Tag Archives: Salvation

Everyday Evil

Internet user on a cell phone, Author Raidarmax (CC BY-SA 3.0 Unported)

WARNING:  Graphic Images

A young teacher traveling on Southwest Airlines caught sight of disturbing texts by the passenger seated ahead of her on the plane.  Michael Kellar was casually planning with Gail Burnworth to molest two children [1].

Thinking quickly, the unnamed teacher took cell phone photos of the texts.  She then informed the flight crew.

Kellar was arrested in San Jose, CA after the plane touched down; Burnworth was later arrested in Tacoma, WA.  Kellar maintained that he had merely been fantasizing.  His texts, however, revealed the truth.

Kellar is 56 y.o. and Burnworth 50 y.o.  The children they were planning to molest are 5 y.o. and 7 y.o.  Both children were rescued by law enforcement.  Evidently, Burnworth had been babysitting them.

“Folks that are doing these sort of things are literally all around us.  We don’t know who they are…They need to be punished and they need to be kept away from kids.”

-San Jose Police Sgt. Brian Spears, Q13 Fox TV [2]

Evil can be found everywhere.  Many make it part of their everyday lives.  We must remain alert to its presence, and protect ourselves against evil, without surrendering our peace of mind.

That is a difficult task.  We can easily feel overwhelmed, and certainly discouraged.  It often appears that evil is winning the day.

But God will not allow that.  He remains in charge, even when all hope is lost.  The battle between good and evil rages.  However, the war has been won.  It was won for us by Jesus Christ on the cross.

Be sure of this:  the wicked will not go unpunished, but those that are righteous will go free (Prov. 11: 21).

[1]  ABC News, “Man arrested after Southwest passenger says she saw him texting ‘molesting children’ police say” by Julia Jacobo and Alex Stone, 8/3/17, http://abcnews.go.com/US/man-arrested-southwest-passenger-texting-molesting-children-police/story?id=49020167.

[2]  Washington Post, “An alert airline passenger exposed a suspected child predator after glancing at his texts” by Kyle Swenson, 8/4/17, https://www.washingtonpost.com/news/morning-mix/wp/2017/08/04/an-alert-airline-passenger-exposed-a-suspected-child-sex-predator-after-glancing-at-his-text-messages/.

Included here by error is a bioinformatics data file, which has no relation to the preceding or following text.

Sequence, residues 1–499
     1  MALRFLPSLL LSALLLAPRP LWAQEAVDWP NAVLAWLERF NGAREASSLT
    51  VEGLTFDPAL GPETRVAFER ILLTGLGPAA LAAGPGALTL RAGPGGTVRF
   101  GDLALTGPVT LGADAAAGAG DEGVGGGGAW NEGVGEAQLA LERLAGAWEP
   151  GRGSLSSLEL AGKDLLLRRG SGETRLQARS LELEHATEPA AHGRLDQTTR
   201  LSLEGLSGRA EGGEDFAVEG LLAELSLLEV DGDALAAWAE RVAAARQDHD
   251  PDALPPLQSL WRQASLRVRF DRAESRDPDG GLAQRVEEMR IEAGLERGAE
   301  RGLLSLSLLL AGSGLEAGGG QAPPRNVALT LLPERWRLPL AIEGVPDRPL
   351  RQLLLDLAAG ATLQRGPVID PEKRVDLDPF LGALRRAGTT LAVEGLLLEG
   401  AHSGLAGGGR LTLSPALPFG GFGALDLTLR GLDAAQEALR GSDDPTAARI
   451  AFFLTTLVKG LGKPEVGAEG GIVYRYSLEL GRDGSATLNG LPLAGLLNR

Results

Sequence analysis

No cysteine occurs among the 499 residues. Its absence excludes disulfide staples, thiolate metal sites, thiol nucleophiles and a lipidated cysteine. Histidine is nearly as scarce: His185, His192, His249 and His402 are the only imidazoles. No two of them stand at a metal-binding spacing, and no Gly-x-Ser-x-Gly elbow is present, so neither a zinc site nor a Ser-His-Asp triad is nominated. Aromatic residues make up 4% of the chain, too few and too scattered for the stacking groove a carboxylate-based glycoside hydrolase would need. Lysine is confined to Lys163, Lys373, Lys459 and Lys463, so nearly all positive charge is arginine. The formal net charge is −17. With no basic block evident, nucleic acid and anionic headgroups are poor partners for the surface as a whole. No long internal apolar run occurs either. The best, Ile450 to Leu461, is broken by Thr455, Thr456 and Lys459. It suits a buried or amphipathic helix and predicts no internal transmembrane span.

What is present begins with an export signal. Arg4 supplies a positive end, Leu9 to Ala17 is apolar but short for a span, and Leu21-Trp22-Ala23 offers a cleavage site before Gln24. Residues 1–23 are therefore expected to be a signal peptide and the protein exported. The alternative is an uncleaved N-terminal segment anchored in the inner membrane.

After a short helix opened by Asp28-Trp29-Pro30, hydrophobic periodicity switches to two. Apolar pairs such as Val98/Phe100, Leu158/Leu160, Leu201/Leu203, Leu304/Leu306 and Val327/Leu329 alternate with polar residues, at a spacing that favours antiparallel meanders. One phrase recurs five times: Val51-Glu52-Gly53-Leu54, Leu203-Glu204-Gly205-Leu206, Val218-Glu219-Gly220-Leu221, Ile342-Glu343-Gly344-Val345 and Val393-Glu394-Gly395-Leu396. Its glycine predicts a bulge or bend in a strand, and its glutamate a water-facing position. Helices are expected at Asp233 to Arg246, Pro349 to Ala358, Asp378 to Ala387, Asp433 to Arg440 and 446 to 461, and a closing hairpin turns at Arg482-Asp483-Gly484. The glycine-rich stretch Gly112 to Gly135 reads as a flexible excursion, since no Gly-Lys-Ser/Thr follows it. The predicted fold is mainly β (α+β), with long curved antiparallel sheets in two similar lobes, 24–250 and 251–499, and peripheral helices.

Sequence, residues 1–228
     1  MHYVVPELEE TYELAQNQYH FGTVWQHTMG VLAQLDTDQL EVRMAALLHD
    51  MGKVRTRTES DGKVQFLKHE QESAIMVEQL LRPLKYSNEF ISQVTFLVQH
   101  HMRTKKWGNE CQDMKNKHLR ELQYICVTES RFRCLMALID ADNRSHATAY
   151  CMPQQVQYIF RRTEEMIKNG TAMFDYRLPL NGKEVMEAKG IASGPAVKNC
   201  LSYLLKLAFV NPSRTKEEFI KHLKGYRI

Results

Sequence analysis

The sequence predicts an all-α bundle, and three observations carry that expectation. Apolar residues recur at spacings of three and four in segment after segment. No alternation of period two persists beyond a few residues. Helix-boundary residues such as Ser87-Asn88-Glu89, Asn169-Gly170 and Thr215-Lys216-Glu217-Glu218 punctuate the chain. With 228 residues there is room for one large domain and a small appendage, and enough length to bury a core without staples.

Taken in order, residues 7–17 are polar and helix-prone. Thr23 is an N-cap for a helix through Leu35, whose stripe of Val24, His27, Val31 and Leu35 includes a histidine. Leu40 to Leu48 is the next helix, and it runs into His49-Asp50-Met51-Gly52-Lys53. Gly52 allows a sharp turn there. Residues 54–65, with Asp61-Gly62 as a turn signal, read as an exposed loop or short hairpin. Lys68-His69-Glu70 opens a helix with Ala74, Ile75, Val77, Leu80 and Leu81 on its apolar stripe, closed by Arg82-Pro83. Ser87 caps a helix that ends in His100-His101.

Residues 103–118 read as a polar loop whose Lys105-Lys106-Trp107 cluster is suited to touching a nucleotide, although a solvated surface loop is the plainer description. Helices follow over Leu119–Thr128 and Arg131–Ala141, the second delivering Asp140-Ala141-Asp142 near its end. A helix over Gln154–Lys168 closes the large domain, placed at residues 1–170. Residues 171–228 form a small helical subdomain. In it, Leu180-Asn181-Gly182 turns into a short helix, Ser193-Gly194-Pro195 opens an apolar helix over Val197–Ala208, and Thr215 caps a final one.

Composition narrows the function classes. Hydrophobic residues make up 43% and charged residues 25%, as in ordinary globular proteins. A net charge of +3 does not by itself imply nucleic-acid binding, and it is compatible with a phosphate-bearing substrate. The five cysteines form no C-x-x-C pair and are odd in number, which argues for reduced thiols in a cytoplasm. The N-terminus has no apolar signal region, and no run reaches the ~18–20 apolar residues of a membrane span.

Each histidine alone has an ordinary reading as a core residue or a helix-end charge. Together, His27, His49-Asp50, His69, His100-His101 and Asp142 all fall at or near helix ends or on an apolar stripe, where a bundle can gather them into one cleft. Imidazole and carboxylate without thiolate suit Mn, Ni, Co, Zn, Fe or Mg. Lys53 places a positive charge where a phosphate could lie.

FOR MORE OF MY ARTICLES ON POVERTY, POLITICS, AND MATTERS OF CONSCIENCE CHECK OUT MY BLOG A LAWYER’S PRAYERS AT: https://alawyersprayers.com

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Extra! Extra!

First page of Book of John, part of illuminated manuscript known as Athelstan Gospels (late 9th or early 10th Century), British Library (Cotton MS Tiberius A.ii) (PD)

WARNING:  Graphic Images

The news comes crashing toward us at the speed of light these days.  We cope with it as best we can – ignoring some things, shrugging off others, arguing over (or worrying about) those that strike closest to home.

We can at times be grieved by the news, even wounded by it.  More often, in self-defense, we develop calluses.  Occasionally, we dare to hope.

  • Catholic Church Sex Scandal.   Catholic Cardinal, George Pell, the third highest ranking official at the Vatican, has been charged with multiple sexual offenses by Australia [1].  These involve more than one individual, and are believed to extend back decades.  Pell will be returning to Australia to mount a defense.
  • Mother’s Boyfriend a Threat.  Michael McCarthy, convicted of second-degree murder in the 2015 killing of his girlfriend’s two year old daughter, has been sentenced to life imprisonment by a Massachusetts court [2].  Evidently, Bella was killed because she did not want to go to bed.  Testimony indicated she had been harshly punished before.  Both McCarthy and Rachel Bond, the girl’s mother, were heroin addicts at the time.  McCarthy will be eligible for parole in 20 years.
  • Opioid Epidemic and Child Abuse/Neglect.   Tragically, incidents of this kind are becoming all too common.  The nation’s opioid epidemic is having a direct impact on children.
    • In urban areas, the number of infants born drug-dependent quadrupled between 2004-2013 [3A]. In rural areas, that number increased by a factor of seven, stretching limited hospital and medical resources to the breaking point [3B].